Tales of the Unexpected – The Fishermen of Hastings

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One of the best things about hiking and about travelling in general is that, every now and then, you are running into something totally unexpected: something that you did not even know existed when you set out in the morning and that, in the evening, has enriched your understanding of that particular town, region or country, although you may still have not quite worked out in which ways and exactly how.

No, let me rephrase that: this is the only thing about travelling, the reason why we bother to travel at all. If it were not for the hope of encountering the unexpected, the striking and unforeseeable, we might as well spend our days watching glib tourism-office-edited videos of the world’s destinations, full of Eiffel Towers, tropical beach paradises and deliriously happy people in glitzy shopping malls. That way, we would save a lot of time, effort and money – and would, as some of you will no doubt point out, do our battered old planet a favour, too, reducing our “ecological footprint”.

Now, where was I? Oh yes, Hastings. We went to the south coast of England recently to experience the Coastal Culture Trail, and we did indeed find everything that we had expected to: a lot of coast and a lot of culture, basically, but then, on our last day, we also found this….

The Fishermen of Hastings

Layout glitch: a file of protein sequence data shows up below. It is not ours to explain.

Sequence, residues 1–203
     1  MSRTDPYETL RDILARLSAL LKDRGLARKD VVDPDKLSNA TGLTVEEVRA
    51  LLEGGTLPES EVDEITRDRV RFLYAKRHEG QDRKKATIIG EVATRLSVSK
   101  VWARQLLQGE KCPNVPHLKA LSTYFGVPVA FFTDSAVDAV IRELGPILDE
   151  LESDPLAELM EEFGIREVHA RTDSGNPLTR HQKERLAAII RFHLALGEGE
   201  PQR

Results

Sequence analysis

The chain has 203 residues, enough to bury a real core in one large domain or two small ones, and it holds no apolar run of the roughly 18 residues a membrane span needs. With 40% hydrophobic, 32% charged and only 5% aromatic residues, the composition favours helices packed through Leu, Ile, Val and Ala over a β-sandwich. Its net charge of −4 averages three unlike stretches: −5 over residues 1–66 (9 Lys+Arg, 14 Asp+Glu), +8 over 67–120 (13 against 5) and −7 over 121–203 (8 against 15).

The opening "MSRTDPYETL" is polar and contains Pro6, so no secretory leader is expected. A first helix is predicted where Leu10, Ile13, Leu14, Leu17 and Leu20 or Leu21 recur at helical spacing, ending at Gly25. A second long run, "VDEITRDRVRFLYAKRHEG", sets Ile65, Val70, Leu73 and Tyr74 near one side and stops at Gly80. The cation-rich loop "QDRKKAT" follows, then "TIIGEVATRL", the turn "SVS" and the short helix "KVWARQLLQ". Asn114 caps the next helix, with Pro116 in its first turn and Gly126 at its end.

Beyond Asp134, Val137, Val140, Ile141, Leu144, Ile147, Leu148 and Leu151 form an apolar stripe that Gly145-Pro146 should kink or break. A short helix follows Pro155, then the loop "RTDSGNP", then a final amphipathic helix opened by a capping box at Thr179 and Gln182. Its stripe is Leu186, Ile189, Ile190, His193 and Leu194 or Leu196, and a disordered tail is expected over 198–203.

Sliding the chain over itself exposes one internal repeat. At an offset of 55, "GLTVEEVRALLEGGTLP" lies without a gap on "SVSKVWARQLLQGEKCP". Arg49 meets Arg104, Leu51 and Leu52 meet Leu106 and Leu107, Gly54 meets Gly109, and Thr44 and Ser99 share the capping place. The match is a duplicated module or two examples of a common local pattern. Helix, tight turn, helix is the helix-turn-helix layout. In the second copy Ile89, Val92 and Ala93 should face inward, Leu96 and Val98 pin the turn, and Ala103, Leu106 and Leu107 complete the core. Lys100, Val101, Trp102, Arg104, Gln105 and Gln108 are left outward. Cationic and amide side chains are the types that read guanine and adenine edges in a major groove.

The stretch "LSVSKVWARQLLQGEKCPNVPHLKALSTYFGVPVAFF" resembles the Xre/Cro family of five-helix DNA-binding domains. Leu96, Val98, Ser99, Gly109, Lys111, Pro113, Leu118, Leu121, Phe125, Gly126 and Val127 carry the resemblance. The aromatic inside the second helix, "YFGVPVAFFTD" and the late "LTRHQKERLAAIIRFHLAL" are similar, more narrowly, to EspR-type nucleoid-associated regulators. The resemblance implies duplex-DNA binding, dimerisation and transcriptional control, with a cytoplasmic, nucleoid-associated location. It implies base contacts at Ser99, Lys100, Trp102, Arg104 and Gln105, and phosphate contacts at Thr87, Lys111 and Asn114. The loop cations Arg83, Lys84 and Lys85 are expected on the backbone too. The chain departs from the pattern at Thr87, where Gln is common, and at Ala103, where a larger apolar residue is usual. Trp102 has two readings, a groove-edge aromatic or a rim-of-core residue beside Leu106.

"We found the fishermen of Hastings"

The Stade just behind the Jerwood Gallery in Hastings is the home of Britain’s largest beach-launched fishing fleet …

"The boats of the fishermen of Hastings"

… which means that the boats leave the harbour “naturally” on high tide and are winched (or “hauled”) from the sea when they return and the tide is out. This is why you see so much mechanical equipment lying around.

"rusty old anchor among the fishermen of Hastings"

Fishing this way is a hard way of earning your living: beach-launching is a technique that only works with small boats (they must be no longer than ten meters), so the catches are relatively small as well.

Unsurprisingly, you will meet some of Europe’s toughest fishermen on the Stade. This is where the salt of the sea meets the salt of the earth – and has done so for well over a thousand years: “Stade” is an old Saxon word, and fishermen have been plying their trade on this section of the coast from the days before the Norman Conquest.

"a day with the fishermen of Hastings"

Look out for the Net Shops, tall wooden sheds where the fishermen of Hastings store their fishing gear on multiple levels …

"wooden sheds of the fishermen of Hastings"

… and for the places where you can buy some of that very day’s haul. (The boats usually deliver their catch in mid morning.)

"stalls of the fishermen of Hastings"

Walk around the site (you are fairly free to roam) and discover a Britain that is rarely featured in travel brochures.

"net fishing baskets of the fishermen of Hastings"

"the fishermen of Hastings and their docked boats"

"old boat of the fishermen of Hastings"

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